Although I do not use this app very regularly, I find myself turning to Cloud On when I need to quickly edit a PowerPoint document or a complicated Word document with footnotes. Most document editing applications on tablets do not allow for PowerPoint editing or footnote editing with the same set of features as Microsoft Word. Cloud On solves that problem by virtualizing a complete version of Microsoft Office and streaming it to the iPad. While much more sluggish than Documents to Go, Cloud On offers the full suite of editing options for Microsoft Office. One major downside of this app, however, is that it requires a constant internet connection.
Some historians may already be familiar with the visually impressive, cloud-based presentation software called Prezi. While I still prefer to use PowerPoint when I lecture, Prezi is a superb tool for presenting conference papers that use photographic evidence and maps. Prezi also has one of the best iPad apps for conference presentations. The app is simple and it integrates with your online Prezi account. It also allows for offline storage of presentations for those occasions when the internet is unavailable or unreliable (as is often the case at academic conferences). To move from point to point in your presentation, you simply tap the screen. The app also allows users to pinch and zoom at will and slide around the entire presentation with the touch of a finger. Prezi presentations on the desktop call out to be touched and the iPad app allows users to do just that.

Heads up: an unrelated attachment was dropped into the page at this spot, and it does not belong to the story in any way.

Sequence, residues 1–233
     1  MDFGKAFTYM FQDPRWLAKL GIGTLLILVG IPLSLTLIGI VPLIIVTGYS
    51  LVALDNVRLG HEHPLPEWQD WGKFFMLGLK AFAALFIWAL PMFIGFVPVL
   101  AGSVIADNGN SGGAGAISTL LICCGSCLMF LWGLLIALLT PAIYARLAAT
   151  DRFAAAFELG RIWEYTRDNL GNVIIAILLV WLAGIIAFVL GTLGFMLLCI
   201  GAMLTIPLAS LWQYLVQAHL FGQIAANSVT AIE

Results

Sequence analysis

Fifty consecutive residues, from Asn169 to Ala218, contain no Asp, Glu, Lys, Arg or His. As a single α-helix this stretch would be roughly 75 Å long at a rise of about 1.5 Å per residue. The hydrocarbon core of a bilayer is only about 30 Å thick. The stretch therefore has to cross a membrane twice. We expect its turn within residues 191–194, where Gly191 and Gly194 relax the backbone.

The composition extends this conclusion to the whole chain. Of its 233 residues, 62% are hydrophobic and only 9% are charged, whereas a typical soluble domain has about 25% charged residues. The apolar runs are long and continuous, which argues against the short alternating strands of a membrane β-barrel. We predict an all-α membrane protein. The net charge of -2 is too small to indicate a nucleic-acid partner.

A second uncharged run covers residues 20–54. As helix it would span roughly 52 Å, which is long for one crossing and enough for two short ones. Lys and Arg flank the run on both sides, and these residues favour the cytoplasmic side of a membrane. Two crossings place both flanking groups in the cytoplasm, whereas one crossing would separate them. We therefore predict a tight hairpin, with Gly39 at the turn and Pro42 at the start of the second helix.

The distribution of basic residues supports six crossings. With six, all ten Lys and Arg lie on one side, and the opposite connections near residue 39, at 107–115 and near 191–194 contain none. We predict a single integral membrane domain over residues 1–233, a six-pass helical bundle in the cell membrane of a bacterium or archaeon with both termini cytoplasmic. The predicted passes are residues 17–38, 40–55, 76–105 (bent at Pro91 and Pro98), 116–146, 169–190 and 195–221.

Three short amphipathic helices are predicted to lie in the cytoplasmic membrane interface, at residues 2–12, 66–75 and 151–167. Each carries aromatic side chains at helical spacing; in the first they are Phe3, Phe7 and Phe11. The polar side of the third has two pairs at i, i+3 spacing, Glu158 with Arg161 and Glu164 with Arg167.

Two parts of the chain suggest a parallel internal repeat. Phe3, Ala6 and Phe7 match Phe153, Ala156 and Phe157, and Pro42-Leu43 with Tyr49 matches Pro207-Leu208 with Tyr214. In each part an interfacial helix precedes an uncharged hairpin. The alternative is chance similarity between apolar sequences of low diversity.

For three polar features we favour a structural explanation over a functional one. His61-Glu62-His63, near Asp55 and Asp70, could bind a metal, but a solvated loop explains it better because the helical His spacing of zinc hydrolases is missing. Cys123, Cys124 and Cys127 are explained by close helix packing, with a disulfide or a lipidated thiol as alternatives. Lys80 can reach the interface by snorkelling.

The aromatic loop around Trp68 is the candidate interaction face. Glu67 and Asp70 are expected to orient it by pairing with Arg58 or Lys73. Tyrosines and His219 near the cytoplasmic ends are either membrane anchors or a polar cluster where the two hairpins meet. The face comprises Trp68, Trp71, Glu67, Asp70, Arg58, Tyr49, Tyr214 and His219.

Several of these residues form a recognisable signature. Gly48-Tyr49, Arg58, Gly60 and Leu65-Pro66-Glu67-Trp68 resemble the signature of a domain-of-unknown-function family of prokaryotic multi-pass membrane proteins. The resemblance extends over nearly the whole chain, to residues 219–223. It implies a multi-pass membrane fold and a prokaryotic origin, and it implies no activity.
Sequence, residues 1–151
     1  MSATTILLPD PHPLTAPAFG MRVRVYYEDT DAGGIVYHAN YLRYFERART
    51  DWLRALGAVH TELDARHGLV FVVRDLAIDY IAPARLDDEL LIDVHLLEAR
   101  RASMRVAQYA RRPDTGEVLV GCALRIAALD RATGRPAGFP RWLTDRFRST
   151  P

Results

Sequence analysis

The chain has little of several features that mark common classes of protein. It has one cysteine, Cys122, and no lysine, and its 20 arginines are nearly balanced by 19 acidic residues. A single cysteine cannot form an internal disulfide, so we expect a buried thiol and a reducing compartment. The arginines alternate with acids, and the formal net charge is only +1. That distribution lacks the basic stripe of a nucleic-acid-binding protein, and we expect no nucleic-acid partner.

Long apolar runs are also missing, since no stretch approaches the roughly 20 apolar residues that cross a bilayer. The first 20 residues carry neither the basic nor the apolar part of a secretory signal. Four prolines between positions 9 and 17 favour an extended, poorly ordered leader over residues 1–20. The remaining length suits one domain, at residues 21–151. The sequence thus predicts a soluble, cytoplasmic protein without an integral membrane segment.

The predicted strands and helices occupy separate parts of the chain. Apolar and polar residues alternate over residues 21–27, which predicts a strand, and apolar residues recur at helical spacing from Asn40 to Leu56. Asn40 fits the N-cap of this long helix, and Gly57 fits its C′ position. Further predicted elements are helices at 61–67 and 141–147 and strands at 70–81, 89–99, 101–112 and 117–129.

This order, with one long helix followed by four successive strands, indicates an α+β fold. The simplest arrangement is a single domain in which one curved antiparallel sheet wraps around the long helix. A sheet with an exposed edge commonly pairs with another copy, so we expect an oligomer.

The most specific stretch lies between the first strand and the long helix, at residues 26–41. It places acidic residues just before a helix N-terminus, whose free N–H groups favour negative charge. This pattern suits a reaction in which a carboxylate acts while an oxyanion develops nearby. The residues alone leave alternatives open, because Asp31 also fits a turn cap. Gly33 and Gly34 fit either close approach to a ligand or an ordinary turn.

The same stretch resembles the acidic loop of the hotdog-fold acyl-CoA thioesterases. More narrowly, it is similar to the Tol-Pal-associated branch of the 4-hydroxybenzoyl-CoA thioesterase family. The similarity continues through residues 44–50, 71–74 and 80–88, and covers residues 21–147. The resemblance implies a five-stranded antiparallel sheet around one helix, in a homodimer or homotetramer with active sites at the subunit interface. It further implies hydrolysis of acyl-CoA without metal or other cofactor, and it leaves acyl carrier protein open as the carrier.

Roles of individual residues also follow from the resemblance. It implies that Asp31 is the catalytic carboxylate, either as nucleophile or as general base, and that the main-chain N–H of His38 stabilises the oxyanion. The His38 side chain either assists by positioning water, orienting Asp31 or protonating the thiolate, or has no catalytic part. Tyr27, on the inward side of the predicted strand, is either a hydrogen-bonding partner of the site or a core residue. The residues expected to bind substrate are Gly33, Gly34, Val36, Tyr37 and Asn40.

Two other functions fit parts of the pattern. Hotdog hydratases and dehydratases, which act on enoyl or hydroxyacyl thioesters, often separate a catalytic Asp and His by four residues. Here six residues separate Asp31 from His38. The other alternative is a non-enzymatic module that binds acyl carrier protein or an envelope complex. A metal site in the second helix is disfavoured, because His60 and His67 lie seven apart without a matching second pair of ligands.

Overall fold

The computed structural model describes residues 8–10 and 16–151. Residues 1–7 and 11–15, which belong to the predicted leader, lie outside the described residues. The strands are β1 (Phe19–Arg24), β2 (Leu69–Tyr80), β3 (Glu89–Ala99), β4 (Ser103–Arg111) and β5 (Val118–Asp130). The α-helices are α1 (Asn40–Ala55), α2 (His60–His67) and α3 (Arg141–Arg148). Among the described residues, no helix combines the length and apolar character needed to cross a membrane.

Formerly known as “Read It Later,” pocket is an offline reading app that allows users to save online articles and other web links for later. Have you ever stumbled across a fascinating article on University Affairs or Inside Higher Ed, but you don’t have the time to sit and read the whole article in the moment? Pocket saves those articles and re-formats them in an offline and easy to read manner. It is effectively a tool for users to create their own digital magazines and journals. I often use Pocket to save H-Net book reviews that used to pile up in my email inbox.
Ebrary is the primary scholarly ebook library available in Canada and it recently released an iOS application for iPad. This app, while a very limited ereading application, allows you to download and save Ebrary books for offline reading. This can be very useful when you assign an Ebrary ebook for a course or for your own secondary source research. One major limitation, however, is that not all Ebrary ebooks are available for offline reading. As such, this app only indexes a limited number of the total Ebrary catalogue.
The open web continues to provide historians with the best digital resources for teaching and research. The Safari browser on iPad, while limited in may ways, continues to offer access to a broad range of web resources and applications. I use the Safari browser to manage my course Moodle sites, search the Internet Archive for digitized primary sources, update my WordPress website, and much more.
Those are just a few of the apps that I use most frequently on the iPad in my work as a historian. Please let me know what apps you use in the comments below.